Law Enforcement Asks for a Patient's PHI: What Do You Do? Have a Process, Speaker Recommends
May 2, 2018 | Risk Management News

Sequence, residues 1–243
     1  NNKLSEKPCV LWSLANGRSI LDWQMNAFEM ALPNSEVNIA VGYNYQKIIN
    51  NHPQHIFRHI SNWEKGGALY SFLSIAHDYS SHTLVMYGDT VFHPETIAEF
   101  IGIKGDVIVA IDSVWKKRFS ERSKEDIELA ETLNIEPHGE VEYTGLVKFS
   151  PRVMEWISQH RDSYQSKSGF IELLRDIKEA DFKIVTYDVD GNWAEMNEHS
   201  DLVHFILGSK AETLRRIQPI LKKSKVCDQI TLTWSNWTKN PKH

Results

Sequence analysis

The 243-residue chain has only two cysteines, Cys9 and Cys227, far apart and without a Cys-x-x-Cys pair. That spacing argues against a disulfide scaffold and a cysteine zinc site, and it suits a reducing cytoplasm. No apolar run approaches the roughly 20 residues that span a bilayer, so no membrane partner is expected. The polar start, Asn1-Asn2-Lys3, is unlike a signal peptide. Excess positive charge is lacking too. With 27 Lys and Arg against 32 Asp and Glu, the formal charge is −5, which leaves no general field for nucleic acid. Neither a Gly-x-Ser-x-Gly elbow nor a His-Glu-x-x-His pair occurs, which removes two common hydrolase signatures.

When law enforcement officers ask for the protected health information (PHI) of a patient, "the patient still has privacy rights, even if they've committed a crime," emphasized Rebecca Carlson, general counsel assistant, system legal affairs, SSM Health, speaking April 27, 2018, at the spring conference of the Wisconsin Society for Healthcare Risk Management. It's important to thoroughly train healthcare workers on both HIPAA (the Health Insurance Portability and Accountability Act) and state laws, Carlson said, particularly because some workers may have practiced in other states. Even with training, however, various exceptions under HIPAA or state laws allow the sharing of PHI, and states typically mandate or permit reporting in certain circumstances, though it can be tricky to determine whether and when each exception, mandate, or permission applies. Therefore, Carlson recommended that organizations have a process for considering and responding to law enforcement requests for PHI. For example, organizations could develop a standardized form and ask law enforcement to submit requests in writing using the form. This can help make sure that law enforcement knows what the healthcare organization wants and vice versa. The form would also serve as documentation, which could come in handy if, for example, it is later discovered that the officer sought the information for personal reasons. "It's reasonable to tell law enforcement that you want that in writing," said Carlson. Staff should also feel comfortable taking time to consult legal affairs or risk management and telling law enforcement that they will get back to the officer with an answer.